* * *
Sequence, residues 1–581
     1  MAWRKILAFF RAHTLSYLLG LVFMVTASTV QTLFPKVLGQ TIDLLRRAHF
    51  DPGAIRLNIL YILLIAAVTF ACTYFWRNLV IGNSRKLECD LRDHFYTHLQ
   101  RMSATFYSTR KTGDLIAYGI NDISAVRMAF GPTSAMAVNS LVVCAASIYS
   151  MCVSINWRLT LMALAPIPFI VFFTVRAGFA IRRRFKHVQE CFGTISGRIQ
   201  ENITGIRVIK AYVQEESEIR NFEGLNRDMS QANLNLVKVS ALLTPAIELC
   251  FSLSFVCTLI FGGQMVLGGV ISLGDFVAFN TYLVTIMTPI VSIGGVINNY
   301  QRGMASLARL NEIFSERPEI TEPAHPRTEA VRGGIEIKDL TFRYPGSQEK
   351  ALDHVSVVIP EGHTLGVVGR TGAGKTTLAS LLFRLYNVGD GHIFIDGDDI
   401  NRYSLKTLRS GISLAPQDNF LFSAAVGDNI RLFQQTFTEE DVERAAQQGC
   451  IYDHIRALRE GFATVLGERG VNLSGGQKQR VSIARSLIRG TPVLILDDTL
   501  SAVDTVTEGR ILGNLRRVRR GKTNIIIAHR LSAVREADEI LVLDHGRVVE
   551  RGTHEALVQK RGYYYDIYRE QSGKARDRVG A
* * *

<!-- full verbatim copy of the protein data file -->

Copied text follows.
Sequence, residues 1–581
     1  MAWRKILAFF RAHTLSYLLG LVFMVTASTV QTLFPKVLGQ TIDLLRRAHF
    51  DPGAIRLNIL YILLIAAVTF ACTYFWRNLV IGNSRKLECD LRDHFYTHLQ
   101  RMSATFYSTR KTGDLIAYGI NDISAVRMAF GPTSAMAVNS LVVCAASIYS
   151  MCVSINWRLT LMALAPIPFI VFFTVRAGFA IRRRFKHVQE CFGTISGRIQ
   201  ENITGIRVIK AYVQEESEIR NFEGLNRDMS QANLNLVKVS ALLTPAIELC
   251  FSLSFVCTLI FGGQMVLGGV ISLGDFVAFN TYLVTIMTPI VSIGGVINNY
   301  QRGMASLARL NEIFSERPEI TEPAHPRTEA VRGGIEIKDL TFRYPGSQEK
   351  ALDHVSVVIP EGHTLGVVGR TGAGKTTLAS LLFRLYNVGD GHIFIDGDDI
   401  NRYSLKTLRS GISLAPQDNF LFSAAVGDNI RLFQQTFTEE DVERAAQQGC
   451  IYDHIRALRE GFATVLGERG VNLSGGQKQR VSIARSLIRG TPVLILDDTL
   501  SAVDTVTEGR ILGNLRRVRR GKTNIIIAHR LSAVREADEI LVLDHGRVVE
   551  RGTHEALVQK RGYYYDIYRE QSGKARDRVG A